The pictures really did tell thousands of words on Thursday, Oct. 28. A human snake was apparent, inching its way around the outdoor space at the East York Civic Centre. For up to six hours, people waited patiently as the snake gradually wound its way to its eventual destination: a meeting with a needle.
The chronic mismanagement of the H1N1 vaccination program here in Toronto in late October and early November was nothing short of embarrassing. H1N1 has not crept up unnoticed over the last number of months. It is not a freak of nature, a flash flood or earthquake. It is a new manifestation of that very common illness, the flu. It has been with us in various forms for quite some time. Flu season is also nothing new. Pretty much happens at the same time every year. Which begs the question: if the timing is known, the illness and vaccine are known, how then does a pandemic turn into pandemonium?
In large scale, short-term projects like this, communication is key. Members of the general public require key pieces of information to facilitate their speedy transfer through the system. They need to know critical items such as who, what, where, when and how. No more, no less. Weeks into the vaccination program, there was still confusion. We still didn’t have the answers to most of those points. A much more efficient system of information dissemination is required.
The flaws in the system sadly do not end with the initial communication. How is it that “low-risk” people slipped through the system and got vaccinations before those in the various higher-risk groups? Where is the accountability at the business end of the operation? Individuals arriving at the wrong time must be turned away or the whole system almost grinds to a halt — as we’ve seen.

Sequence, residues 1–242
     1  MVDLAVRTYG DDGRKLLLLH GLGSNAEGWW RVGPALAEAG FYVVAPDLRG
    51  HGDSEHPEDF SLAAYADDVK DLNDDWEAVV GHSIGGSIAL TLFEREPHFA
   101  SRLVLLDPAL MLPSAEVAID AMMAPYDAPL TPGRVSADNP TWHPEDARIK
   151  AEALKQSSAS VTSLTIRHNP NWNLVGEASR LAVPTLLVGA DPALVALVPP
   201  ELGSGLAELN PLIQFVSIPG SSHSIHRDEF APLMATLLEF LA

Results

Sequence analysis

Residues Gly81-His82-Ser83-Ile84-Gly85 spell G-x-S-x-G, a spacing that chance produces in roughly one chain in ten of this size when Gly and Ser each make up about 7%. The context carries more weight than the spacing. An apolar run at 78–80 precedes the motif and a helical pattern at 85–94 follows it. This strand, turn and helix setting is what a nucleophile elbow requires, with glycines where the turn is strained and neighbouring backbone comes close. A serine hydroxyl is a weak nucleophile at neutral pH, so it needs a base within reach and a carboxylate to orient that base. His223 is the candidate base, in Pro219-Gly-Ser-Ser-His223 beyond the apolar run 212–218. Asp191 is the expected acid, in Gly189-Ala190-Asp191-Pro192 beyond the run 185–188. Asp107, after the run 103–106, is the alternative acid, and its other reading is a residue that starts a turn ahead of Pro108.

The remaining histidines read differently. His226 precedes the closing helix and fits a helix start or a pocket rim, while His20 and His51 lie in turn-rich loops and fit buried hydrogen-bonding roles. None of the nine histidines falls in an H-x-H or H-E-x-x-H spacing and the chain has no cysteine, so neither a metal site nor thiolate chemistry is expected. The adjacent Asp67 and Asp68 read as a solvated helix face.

There is no question that H1N1 is serious. It has claimed lives and is causing havoc for many of those affected. Isn’t it somewhat incongruous then, given the magnitude of the situation and the population of the GTA, that so few vaccination locations were initially available? Is it fair that people drove from all over the GTA to the East York Civic Centre for their shots? What becomes of those without access to convenient transportation?
Somewhere hidden in this mess is a massive technological elephant in the room. Perhaps a fully integrated electronic health record system. eHealth anyone? Whatever the political bickering, the sordid back-scratching and tender process, the concept remains critical to healthcare development in this city. An electronic system of appointments and the ability to customize information to the individual would be a good start; be it language, medical priority or method of communication.
If H1N1 proves to be the catalyst for significant healthcare changes, then perhaps the line-ups and confusion will have been worth it. If not, one shudders to think what’s next.